Why Altizon’s IIoT Platform Earns High Marks from Gartner

The company’s chief executive officer opens up on what has enabled the 6-year-old firm to emerge as a best-of-breed player in a competitive niche.

Brian Buntz

August 16, 2019

3 Min Read
Getty Images

While perusing Gartner’s Magic Quadrant for Industrial IoT Platforms — from this year or last — you’ll see several familiar companies rounding out the list. For instance, there’s Software AG, PTC, Hitachi and Accenture. But you’ll also notice Altizon, a company founded six years ago. Altizon was also one of 11 industrial IoT platforms highlighted in the IDC MarketScape: Worldwide Industrial IoT Platforms in Manufacturing 2019 Vendor Assessment. It is also one of eight featured in the corresponding IDC MarketScape focused on the energy sector.

The fact Altizon was founded a handful of years ago doesn’t mean the company’s executives are new to industrial IoT and related concepts. The company’s chief executive officer, Vinay Nathan, has researched ad hoc sensor networks, was the product manager for an RFID middleware offering and developed a product roadmap for a server company eventually acquired by Nvidia. In all, Nathan estimates he has been following industrial IoT and earlier related concepts for close to two decades. And many of his colleagues have similarly extensive backgrounds.

“There’s always a lot of hype, you know, in the short term around a lot of these things,” Nathan said, referring to industrial IoT, Industry 4.0, digital transformation and related buzzwords. “It’s important to cut out the noise and focus on areas where you can make an impact.”

vinay-nathan.jpgGartner was impressed by the company’s ambition and experience with Datonis, one of the first industrial IoT platforms. In 2015, the research firm named Altizon as a “cool vendor.”

That designation inspired the company’s executives to speak more regularly with analysts from Gartner, IDC and other firms.

When Gartner released its first Magic Quadrant dedicated to industrial IoT platforms last year, Altizon made the cut.

In the months before that report — and the 2019 version — came out, the company offered up references and filled out questionnaires with hundreds of questions.

Reflecting on the process and the broader IIoT platform landscape, Nathan said: “There’s so much marketing out there. It’s important to separate the real from the marketing speak.”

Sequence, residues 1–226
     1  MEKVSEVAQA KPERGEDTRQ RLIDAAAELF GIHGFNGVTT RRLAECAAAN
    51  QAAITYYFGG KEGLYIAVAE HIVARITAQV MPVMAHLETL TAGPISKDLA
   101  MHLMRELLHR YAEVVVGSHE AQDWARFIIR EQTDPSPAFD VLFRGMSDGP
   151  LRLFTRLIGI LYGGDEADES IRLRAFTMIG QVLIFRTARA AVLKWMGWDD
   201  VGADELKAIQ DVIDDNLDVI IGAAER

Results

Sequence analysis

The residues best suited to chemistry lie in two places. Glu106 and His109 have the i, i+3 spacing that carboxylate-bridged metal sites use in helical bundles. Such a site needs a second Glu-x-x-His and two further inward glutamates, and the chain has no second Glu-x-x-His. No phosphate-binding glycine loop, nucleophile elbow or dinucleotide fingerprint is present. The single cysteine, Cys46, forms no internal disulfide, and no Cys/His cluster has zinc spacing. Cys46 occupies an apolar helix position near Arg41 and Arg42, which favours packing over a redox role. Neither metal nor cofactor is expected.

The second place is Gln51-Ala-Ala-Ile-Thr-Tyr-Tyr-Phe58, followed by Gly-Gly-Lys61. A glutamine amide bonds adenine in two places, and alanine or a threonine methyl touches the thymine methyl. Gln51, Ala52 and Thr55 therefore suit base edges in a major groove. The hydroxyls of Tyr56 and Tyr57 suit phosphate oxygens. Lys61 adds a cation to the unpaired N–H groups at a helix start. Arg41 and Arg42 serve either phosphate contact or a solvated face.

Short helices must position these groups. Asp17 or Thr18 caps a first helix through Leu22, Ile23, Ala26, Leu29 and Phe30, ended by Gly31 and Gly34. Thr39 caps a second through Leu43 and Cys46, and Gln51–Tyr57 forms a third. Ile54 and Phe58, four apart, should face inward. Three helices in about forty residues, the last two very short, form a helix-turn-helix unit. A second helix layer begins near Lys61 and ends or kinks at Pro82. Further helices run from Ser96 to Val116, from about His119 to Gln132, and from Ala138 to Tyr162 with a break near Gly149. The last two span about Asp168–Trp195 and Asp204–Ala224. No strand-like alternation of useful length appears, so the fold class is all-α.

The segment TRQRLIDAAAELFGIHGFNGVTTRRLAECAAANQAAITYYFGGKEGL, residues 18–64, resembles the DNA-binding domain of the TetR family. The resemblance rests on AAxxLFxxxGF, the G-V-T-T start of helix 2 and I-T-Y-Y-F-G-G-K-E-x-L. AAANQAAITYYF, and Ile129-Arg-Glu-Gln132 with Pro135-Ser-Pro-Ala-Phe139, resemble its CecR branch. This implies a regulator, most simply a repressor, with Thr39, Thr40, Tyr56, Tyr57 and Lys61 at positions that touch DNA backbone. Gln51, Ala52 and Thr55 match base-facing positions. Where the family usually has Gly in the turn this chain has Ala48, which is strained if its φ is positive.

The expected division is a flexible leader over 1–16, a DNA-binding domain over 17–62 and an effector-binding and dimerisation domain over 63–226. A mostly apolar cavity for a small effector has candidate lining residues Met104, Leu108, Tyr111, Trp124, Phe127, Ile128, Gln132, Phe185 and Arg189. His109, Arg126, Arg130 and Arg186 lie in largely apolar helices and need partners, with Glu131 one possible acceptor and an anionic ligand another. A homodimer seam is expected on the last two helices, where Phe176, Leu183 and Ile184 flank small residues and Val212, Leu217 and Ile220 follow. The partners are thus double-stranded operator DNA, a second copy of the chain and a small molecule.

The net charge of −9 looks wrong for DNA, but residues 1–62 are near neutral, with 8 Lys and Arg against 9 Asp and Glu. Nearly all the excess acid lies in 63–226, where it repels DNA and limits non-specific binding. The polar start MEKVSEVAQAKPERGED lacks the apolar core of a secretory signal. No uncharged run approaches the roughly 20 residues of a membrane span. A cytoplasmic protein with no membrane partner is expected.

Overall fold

In terms of Altizon’s references published on Gartner Peer Insights, the company currently has a score of 4.4 out of 5 based on 25 reviews.

The company has made progress since Gartner publishes its most-recent Magic Quadrant. While the document praised the platform’s success for “industrial use cases relating to production processes, operations management and business planning,” it noted Altizon’s customer base in the U.S. and Europe remained small. Much of its business was based in India as the Gartner document pointed out. That’s no longer the case, Nathan said. “Today, we have more than 60% of our revenues from outside India,” he explained. “So, we kind of have made the flip to become international since Gartner [collected that business data in] the October-November time frame last year.”

At present, roughly 30% of the company’s revenue is from Europe. Another 20% comes from North America. Nathan estimates 30-35% comes from India and 10-15% comes from the rest of Asia.

When asked what has enabled the company to succeed in an increasingly crowded marketplace, Nathan partly answers with questions. “We focus on asking: ‘OK, what is the positive impact we can have on a key initiative or a key parameter that a [customer] is looking at making happen? And what does it take to get that impact as your product provider? What is the combination of things you need to do that?’” he said. “Whether you call that ‘digital transformation,’ ‘a digital journey,’ or ‘digital enablement,’ I’ll leave that to the marketing guys.”

About the Author(s)

Brian Buntz

Brian is a veteran journalist with more than ten years’ experience covering an array of technologies including the Internet of Things, 3-D printing, and cybersecurity. Before coming to Penton and later Informa, he served as the editor-in-chief of UBM’s Qmed where he overhauled the brand’s news coverage and helped to grow the site’s traffic volume dramatically. He had previously held managing editor roles on the company’s medical device technology publications including European Medical Device Technology (EMDT) and Medical Device & Diagnostics Industry (MD+DI), and had served as editor-in-chief of Medical Product Manufacturing News (MPMN).

At UBM, Brian also worked closely with the company’s events group on speaker selection and direction and played an important role in cementing famed futurist Ray Kurzweil as a keynote speaker at the 2016 Medical Design & Manufacturing West event in Anaheim. An article of his was also prominently on kurzweilai.net, a website dedicated to Kurzweil’s ideas.

Multilingual, Brian has an M.A. degree in German from the University of Oklahoma.

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